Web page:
The Seljuks and Ottomans repeatedly halted the Crusades, thus saving the Islamic world from a tremendous disaster. A Turk, the Mamluk Sultan of Egypt Baybars, stopped the Mongol army, which had killed hundreds of thousands of Muslims and seemed unstoppable. The idea of spreading and announcing God's name (religion) everywhere, called "Ilaa al kalimatullah", reached its highest level in the Ottoman Empire, whose conquests were aimed at the Christian world. In the 16th century, three out of the four major independent Islamic states in the world were Turkish: the Ottoman, Gurkani, and Iranian states. The fourth was the Moroccan Sultanate, which lived under Ottoman rule for a time. Thanks to the Turks, Muslims lived in unity and solidarity for centuries. Turkish rule lasted until 1858 in India and 1925 in Iran.

For centuries, Turks struggled against the Shia belief, symbolizing Persian nationalism and threatening Islamic unity. Seljuk Sultan Tughril Beg entered Baghdad and saved the caliph from the captivity of the Shia Buyids. Salahuddin Ayyubi (Saladin), one of the Seljuk commanders, eliminated the Shia Fatimids in Egypt, who were conducting propaganda activities to disturb Islamic countries, greatly serving Islam. Sultan Selim I defeated the Safavid State, which had agents operating in Anatolia, minimizing the power of the Hurufis. The Ottomans also suppressed the Wahhabis, who emerged at the end of the 18th century. Without the Turks, it is doubtful that Islam would have reached today with its original purity. As evidenced, in the last century when Turkish rule collapsed, Islamic countries were either occupied by imperialist states or came under the rule of these heretical groups or socialist revolutionaries.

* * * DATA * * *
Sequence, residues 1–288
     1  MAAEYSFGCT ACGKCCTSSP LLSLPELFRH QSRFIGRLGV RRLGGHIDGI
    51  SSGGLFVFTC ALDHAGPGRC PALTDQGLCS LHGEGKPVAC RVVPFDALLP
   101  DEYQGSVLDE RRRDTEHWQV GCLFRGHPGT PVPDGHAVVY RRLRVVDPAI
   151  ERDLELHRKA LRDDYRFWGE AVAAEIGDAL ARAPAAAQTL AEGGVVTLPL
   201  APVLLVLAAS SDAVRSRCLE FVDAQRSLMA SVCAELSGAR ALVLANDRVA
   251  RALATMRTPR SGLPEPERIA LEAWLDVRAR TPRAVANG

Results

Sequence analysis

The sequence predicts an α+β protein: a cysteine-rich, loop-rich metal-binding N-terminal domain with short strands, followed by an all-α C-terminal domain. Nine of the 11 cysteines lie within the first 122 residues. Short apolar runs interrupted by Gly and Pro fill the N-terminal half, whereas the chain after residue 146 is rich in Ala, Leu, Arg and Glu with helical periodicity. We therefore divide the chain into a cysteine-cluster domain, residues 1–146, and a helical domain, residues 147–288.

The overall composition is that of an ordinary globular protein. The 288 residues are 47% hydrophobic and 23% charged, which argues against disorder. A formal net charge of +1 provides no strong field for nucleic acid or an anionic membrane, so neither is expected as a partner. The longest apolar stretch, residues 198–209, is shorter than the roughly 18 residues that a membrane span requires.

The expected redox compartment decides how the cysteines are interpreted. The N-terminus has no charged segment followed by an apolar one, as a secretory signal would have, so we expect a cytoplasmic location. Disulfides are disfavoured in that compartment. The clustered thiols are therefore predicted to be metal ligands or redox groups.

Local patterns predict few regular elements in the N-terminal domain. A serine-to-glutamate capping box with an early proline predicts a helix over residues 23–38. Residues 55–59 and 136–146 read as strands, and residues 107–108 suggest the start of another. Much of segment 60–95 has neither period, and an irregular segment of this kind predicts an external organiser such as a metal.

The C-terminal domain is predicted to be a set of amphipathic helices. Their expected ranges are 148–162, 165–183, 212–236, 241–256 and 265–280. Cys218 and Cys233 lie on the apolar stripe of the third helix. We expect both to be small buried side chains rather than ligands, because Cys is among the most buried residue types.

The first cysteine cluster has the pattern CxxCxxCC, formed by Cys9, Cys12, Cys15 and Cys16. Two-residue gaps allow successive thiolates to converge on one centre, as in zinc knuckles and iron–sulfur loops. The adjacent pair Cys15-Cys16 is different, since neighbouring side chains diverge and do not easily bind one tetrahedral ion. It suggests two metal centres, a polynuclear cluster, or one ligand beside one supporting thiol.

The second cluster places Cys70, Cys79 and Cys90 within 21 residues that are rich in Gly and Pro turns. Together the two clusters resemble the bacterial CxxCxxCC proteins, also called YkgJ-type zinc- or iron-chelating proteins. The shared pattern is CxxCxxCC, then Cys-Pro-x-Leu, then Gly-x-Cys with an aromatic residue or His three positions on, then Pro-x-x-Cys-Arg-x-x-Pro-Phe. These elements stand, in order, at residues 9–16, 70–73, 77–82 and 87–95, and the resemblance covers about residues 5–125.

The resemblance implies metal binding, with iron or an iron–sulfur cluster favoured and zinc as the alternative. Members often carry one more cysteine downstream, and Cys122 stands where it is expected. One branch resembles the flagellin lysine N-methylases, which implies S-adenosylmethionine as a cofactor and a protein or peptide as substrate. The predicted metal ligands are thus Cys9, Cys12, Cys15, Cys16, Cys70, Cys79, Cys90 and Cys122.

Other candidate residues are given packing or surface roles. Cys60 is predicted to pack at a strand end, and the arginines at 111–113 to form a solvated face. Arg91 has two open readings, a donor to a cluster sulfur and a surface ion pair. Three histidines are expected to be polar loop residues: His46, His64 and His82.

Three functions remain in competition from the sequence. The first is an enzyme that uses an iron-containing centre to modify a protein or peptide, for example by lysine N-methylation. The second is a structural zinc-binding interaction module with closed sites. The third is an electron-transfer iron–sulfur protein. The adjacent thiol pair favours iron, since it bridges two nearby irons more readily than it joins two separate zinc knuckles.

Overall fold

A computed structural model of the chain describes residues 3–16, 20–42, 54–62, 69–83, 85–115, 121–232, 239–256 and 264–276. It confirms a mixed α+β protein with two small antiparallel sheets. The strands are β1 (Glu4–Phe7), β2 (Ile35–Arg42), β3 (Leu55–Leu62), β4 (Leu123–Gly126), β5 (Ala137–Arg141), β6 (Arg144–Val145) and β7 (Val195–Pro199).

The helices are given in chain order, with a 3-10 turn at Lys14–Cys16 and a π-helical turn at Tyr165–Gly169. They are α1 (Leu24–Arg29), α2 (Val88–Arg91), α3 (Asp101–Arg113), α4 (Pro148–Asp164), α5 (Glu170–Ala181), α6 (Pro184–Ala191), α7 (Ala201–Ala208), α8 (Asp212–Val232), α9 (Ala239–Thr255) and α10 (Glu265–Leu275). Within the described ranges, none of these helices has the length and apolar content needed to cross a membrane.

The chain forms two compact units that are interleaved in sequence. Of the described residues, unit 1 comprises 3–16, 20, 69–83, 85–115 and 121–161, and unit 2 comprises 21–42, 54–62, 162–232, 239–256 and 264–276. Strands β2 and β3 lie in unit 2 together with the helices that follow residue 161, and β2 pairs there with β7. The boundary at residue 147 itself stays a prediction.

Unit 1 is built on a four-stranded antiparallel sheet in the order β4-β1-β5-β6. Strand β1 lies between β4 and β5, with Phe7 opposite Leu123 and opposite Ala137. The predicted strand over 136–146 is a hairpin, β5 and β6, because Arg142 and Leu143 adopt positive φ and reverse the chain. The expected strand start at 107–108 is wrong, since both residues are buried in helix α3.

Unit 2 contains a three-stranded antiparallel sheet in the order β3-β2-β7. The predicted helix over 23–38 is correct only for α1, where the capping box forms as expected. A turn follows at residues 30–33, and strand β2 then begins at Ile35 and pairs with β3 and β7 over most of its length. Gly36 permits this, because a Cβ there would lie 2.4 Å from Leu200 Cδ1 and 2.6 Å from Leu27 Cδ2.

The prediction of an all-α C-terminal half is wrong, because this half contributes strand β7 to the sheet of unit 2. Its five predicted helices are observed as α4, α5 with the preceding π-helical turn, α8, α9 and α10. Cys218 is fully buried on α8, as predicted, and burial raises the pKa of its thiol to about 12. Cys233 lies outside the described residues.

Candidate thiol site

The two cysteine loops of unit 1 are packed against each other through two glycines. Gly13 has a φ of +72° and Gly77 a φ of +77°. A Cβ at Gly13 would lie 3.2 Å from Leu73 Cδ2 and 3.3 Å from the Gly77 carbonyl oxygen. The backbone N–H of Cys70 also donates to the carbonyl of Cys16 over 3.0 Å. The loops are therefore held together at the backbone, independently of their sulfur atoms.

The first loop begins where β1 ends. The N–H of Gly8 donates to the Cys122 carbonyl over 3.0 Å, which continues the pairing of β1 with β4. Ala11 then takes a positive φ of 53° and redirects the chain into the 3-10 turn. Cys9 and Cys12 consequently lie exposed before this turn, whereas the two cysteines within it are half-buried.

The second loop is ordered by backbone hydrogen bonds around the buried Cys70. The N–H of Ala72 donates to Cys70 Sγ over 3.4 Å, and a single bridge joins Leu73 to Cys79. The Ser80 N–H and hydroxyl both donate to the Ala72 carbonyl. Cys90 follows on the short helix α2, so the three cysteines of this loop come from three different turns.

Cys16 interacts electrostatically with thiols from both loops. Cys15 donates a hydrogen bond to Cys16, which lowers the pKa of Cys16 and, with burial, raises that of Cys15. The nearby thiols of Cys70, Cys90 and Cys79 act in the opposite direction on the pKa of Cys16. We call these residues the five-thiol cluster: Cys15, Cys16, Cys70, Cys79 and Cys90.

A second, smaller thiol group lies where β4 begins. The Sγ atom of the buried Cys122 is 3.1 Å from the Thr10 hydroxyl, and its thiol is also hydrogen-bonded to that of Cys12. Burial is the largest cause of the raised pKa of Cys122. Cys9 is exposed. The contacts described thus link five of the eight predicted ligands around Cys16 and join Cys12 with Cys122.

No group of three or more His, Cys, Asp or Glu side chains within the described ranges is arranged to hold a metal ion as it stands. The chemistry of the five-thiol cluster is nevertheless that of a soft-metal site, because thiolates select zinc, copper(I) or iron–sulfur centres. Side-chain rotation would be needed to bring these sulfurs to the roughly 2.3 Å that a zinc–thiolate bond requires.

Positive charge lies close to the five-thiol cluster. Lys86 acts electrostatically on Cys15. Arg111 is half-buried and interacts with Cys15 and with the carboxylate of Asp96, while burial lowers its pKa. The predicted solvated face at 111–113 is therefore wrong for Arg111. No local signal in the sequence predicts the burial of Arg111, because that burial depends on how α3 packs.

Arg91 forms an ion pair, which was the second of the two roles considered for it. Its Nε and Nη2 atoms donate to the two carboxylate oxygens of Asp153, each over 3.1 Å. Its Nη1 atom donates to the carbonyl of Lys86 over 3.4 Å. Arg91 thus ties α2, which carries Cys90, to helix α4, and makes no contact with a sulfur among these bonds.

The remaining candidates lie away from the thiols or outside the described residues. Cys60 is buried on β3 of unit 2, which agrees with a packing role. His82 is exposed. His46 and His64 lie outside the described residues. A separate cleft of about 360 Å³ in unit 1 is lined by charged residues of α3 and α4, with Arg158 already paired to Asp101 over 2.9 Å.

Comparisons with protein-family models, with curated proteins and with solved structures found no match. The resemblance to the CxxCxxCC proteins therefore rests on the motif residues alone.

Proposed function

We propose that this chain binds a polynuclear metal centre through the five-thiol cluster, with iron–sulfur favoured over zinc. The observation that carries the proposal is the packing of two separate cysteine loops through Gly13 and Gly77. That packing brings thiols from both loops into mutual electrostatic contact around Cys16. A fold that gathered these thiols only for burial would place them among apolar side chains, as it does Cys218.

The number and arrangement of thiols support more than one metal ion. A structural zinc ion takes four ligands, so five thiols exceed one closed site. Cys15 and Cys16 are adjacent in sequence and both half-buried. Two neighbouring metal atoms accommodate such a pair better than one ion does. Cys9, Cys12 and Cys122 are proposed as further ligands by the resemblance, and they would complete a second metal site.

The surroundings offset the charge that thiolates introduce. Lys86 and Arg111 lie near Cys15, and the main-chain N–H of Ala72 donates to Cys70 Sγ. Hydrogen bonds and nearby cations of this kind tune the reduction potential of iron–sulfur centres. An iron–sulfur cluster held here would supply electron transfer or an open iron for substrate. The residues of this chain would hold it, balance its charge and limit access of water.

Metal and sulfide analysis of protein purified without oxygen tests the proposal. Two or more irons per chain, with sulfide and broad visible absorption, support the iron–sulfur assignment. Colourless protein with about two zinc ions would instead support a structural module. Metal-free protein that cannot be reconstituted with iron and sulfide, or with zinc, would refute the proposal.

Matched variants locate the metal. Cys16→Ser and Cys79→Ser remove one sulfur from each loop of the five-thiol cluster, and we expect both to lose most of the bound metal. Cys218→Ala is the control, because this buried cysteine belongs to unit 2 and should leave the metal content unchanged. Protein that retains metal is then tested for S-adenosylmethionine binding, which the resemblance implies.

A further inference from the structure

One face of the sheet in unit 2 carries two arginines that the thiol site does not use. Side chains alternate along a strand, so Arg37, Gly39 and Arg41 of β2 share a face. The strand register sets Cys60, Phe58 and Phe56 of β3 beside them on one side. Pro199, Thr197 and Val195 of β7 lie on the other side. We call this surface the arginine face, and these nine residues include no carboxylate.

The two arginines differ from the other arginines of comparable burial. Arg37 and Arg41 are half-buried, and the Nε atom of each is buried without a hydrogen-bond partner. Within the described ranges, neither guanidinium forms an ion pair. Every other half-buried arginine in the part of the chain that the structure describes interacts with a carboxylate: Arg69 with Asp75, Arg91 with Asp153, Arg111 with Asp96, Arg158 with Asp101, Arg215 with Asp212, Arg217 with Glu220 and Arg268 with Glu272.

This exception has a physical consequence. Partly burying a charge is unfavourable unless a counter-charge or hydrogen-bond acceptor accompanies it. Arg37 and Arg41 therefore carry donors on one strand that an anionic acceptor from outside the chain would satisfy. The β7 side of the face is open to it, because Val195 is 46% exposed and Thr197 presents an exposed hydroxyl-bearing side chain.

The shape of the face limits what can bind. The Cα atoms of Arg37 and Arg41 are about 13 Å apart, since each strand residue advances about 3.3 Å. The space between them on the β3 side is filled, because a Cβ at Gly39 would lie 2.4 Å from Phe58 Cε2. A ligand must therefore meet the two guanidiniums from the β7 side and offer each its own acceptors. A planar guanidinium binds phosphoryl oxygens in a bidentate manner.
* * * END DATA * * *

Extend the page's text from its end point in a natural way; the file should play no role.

The Turks held dominance in the Islamic world for centuries, maintaining Islam as a way of life. Turkish states placed great importance on both religious and scientific knowledge. Great scholars emerged from the time of the Karakhanids. They were the first to establish the foundations of the science of Usul al-fiqh. Notable jurists such as Hakim al-Shahid, Karhi, Hinduwani, Abu al-Layth Samarqandi, Abu Bakr al-Khwarizmi, Dabbusi, Hulwani, Pazdavi, Khaherzade, Sadru'sh-Shahid, Nasafi, Bukhari, Sarakhsi, Kasani, Qadihan, Marghinani, and Usrushani came from this region and the Turks. Abu Mansur al-Maturidi was a Turk from Samarkand.